I am Professor Emeritus of Philosophy at the University of Maryland, where I was department chair for six and a half years. Before coming the University in the spring of 2002, I taught at Bowling Green State University in Ohio. My very first tenure-track job was at the University of Ottawa, and I have held visiting positions at UNC Chapel Hill, the University of Texas at Austin (Government), two campuses of the University of California, the Université de Montréal, and several other universities. And I was affiliated for many years with the research group CREA, situated at the École Polytechnique in Paris. My doctorate was awarded by the University of Toronto in 1977. I was born in Washington DC and grew up in Paris and Brussels.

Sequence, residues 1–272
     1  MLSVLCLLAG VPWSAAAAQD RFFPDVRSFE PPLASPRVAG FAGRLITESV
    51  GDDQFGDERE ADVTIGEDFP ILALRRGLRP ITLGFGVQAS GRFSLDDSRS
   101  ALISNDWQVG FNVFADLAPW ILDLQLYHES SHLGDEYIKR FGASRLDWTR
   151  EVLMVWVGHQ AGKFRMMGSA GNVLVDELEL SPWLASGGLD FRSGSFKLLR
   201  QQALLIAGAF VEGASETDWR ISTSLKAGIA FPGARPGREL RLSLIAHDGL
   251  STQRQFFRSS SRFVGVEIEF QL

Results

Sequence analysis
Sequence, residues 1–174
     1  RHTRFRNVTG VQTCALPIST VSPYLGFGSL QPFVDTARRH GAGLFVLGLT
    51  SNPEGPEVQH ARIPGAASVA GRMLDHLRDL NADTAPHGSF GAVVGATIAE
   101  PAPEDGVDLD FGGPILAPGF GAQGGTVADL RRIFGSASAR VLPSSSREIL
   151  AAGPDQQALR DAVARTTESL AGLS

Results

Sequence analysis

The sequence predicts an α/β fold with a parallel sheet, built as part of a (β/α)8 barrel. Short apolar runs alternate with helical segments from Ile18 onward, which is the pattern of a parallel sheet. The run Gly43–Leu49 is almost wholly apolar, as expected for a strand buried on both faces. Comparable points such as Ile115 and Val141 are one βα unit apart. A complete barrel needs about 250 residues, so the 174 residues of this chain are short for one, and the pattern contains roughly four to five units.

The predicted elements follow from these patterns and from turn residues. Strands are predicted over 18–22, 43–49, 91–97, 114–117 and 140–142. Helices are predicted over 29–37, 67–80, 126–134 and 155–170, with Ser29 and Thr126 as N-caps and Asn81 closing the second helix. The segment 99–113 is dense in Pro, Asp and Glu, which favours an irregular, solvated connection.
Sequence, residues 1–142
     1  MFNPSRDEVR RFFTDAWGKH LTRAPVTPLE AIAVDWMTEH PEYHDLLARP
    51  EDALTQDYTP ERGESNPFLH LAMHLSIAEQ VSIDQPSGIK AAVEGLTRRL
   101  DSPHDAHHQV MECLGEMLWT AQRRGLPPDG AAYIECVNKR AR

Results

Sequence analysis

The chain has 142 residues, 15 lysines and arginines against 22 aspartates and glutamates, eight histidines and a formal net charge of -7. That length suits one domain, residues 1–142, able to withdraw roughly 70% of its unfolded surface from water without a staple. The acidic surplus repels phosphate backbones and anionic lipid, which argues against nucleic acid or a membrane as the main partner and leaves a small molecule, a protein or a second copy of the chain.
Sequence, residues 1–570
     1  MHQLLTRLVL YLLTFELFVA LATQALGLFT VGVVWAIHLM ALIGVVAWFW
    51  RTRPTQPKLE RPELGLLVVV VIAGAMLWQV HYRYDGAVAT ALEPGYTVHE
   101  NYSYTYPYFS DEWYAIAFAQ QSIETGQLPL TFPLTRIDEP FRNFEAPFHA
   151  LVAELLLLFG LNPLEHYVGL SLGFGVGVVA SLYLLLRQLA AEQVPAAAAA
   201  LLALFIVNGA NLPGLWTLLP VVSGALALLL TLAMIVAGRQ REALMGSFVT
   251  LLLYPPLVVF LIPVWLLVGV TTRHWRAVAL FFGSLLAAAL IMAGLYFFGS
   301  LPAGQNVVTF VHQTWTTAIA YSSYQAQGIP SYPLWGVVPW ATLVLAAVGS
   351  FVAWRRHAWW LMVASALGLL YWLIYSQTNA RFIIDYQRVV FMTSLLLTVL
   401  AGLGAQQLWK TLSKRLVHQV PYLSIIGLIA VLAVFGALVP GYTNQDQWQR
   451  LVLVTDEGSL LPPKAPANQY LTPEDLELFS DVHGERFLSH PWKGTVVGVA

My main interests lie in moral, political, and legal philosophy and the theory of practical rationality. In moral theory I have written a number of papers about contractarian moral theory, and much of my interest here concerns our reasons to be just. I also have interests in practical or applied ethics, in particular questions about moral standing (or moral status). In political theory a lot of my work has focused on the state, which I think of as a distinctively modern form of political organization. At present I am especially interested in what might be called the cement of societies, to borrow the title of one of Jon Elster’s books, what is it that holds societies together. My current book project is tentatively entitled Social Order, Liberty, and Prosperity: Political Philosophy for our Time. I argue that securing social order is a more serious problem that many think, and that liberty and prosperity cannot be secured in the absence of a number of institutions, most importantly the rule of law. In addition, a “common culture” may also be needed. Nationality is one such common culture, and I wonder to what extent societies can hold together without a common national culture.